Monday, May 11, 2015

Charcoal Economics, Part 2

Updating this blog post from the original version last November 28, 2014. Revenues from charcoal help in paying the salary of our caretakers Nong Endring Paragas and his son, Danny. The DENR and locals do not complain of "illegal cutting" as the fallen trees, big branches are from our planted trees, not from the public forest land.

Below, some of the trunks ready for charcoal making. They are big, right, but crooked, not good for lumber production.

New wood prepared. Standing is Mama Pitong, assisted by his son. Photos taken May 9, 2015. Wood, then  covered by rice straw, then  covered by soil, supported by coconut leaves so that the soil does not erode.

I didn't know that camote (sweet potato) thrives in a previous charcoal pit, like this one.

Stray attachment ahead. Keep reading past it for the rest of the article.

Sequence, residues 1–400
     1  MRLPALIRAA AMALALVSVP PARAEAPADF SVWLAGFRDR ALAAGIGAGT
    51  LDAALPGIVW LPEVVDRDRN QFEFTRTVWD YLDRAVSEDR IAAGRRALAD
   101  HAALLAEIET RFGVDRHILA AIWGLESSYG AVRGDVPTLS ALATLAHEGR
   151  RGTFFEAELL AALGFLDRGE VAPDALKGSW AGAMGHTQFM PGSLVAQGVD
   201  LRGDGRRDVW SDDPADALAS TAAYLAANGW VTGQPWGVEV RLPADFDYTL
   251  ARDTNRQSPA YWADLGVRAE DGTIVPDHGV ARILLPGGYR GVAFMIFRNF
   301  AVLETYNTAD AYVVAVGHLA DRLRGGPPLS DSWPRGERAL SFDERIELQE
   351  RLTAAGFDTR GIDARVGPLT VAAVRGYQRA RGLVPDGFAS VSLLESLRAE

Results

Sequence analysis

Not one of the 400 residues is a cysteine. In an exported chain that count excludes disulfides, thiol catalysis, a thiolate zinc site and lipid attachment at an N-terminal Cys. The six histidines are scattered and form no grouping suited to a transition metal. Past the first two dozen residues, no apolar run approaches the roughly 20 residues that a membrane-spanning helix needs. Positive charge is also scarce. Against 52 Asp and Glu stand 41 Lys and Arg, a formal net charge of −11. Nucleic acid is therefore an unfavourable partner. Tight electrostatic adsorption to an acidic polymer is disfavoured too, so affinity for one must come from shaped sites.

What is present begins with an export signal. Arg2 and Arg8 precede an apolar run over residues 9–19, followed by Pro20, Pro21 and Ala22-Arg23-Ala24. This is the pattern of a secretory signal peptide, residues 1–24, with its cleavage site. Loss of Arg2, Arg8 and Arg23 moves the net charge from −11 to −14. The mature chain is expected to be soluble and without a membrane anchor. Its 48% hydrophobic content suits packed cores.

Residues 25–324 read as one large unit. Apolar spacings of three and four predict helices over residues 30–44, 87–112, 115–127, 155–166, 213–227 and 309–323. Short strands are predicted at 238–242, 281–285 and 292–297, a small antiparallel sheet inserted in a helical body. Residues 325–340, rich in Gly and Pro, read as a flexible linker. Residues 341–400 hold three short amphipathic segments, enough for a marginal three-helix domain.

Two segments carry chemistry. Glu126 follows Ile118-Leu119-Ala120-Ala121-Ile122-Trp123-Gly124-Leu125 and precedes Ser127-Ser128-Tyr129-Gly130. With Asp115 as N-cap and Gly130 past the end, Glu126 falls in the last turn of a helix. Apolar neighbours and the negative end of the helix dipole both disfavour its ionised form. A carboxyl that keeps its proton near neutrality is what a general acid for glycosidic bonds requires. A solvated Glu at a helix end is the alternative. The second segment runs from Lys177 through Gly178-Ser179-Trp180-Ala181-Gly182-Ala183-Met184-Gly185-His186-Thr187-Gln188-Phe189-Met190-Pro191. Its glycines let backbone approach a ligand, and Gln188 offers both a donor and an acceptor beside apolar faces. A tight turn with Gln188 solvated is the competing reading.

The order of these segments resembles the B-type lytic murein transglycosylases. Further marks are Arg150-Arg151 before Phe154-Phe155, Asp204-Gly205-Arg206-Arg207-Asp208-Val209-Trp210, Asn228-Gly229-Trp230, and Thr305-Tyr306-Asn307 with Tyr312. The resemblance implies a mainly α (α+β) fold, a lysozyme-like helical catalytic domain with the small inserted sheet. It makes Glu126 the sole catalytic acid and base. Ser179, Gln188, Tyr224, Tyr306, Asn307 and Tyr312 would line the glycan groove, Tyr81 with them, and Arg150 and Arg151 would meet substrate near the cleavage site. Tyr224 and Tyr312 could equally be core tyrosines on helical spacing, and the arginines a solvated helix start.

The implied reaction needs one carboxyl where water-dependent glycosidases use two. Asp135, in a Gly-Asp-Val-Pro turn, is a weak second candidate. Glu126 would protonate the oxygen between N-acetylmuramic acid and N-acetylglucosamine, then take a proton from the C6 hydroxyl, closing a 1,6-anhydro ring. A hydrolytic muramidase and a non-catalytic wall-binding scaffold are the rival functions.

Pruning and cutting trees that are too close to each other is necessary, otherwise no or very few trees can hope to become big and appropriate for lumber production someday. We have too many of these small, medium-size trees; generally they just grew on their  own. Using them for charcoal making is the wise thing to do.

See also:
Denuded mountains, March 31, 2009 
New Upland Dwellers and the DENR, August 21, 2013
From Forestland to Grassland, September 21, 2012 

Charcoal Economics, February 23, 2014
On Grass Fire, April 17, 2014

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